Looking for a Windows tablet that costs less than a Kindle Paperwhite? You might want to head over to Best Buy. The retailer is selling the Insignia Flex tablet with an 8 inch screen, an Intel Atom Bay Trail processor, and Windows 8.1 for $100.
But as blogger Mike Cane points out, the Insignia Flex is one of the first $100 Windows tablets that you can walk into a bricks and mortar store in the United States and try before you buy (not counting the Winbook TW800, which is only available at that price at Micro Center stores… which are a lot less common than Best Buy locations).
The tablet features an 8 inch, 1280 x 800 pixel TFT display, an Intel Atom Z3735F quad-core processor, 1GB of RAM, 16GB of storage, and Windows 8.1 32-bit software. It has a microSD card slot, WiFi, Bluetooth, and 2MP front and rear cameras. It also supports HDMI output.
Like many other low-cost Windows tablets, the Insignia Flex also comes with a 1-year subscription to Microsoft Office 365 Personal, which includes 1TB of OneDrive cloud stroage.
This is a cheap tablet which is designed to run Windows Store apps rather than full-fledged desktop apps… although it has an x86 processor so it can run normal Windows software. Just don’t expect it to run those apps very well.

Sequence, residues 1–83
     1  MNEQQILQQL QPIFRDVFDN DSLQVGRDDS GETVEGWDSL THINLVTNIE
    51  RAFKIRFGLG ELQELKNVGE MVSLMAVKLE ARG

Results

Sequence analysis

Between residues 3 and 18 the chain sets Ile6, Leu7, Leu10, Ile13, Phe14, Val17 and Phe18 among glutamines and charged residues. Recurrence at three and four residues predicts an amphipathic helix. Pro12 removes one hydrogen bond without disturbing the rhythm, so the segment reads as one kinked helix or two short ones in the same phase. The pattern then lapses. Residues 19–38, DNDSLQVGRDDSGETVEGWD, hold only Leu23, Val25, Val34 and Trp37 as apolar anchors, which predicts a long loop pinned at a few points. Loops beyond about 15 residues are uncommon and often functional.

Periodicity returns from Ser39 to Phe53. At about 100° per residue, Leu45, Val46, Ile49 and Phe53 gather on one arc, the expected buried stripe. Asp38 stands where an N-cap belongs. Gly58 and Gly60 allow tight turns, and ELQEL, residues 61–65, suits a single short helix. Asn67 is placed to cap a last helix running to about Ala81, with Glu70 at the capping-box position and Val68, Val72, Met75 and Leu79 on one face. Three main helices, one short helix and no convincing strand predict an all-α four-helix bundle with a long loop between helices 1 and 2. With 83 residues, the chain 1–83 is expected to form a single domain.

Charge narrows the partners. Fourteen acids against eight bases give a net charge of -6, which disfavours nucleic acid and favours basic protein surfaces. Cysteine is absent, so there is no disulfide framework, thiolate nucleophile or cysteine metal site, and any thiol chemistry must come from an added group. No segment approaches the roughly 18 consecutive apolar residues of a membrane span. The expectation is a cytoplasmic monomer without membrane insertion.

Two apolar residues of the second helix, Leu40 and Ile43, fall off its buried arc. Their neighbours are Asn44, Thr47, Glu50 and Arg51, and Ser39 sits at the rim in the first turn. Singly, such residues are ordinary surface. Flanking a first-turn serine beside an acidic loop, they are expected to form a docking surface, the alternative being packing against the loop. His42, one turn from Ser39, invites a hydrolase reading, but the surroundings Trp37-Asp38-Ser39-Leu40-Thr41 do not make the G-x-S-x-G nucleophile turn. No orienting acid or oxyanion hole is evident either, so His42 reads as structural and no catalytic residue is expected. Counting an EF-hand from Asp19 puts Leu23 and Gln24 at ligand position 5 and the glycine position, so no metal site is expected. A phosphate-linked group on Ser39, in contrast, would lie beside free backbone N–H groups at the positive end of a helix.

In other words, cheap Windows tablets like the Insignia Flex are basically the Windows equivalent of dirt cheap Android tablets. But while there are more tablet-optimized apps available in the Google Play Store than the Windows Store, the key advantages of a cheap Windows tablet are that it’s at least capable of running legacy Windows software (poorly) and features tight integration with Microsoft’s apps and services including OneDrive, Office, and Skype (although not everyone will consider those advantages).
If you’re looking for a Windows tablet that’s more capable of running desktop-class apps, you might want to consider the Asus Transformer Book T100, Acer Aspire Switch 10, or another device with a faster CPU, 2GB of RAM, and 32GB or more of storage.
Update: Zatz Not Funny blogger (and occasional Liliputing correspondent) Dave Zatz sends in a few hands-on photos, which I’ve added to the gallery below.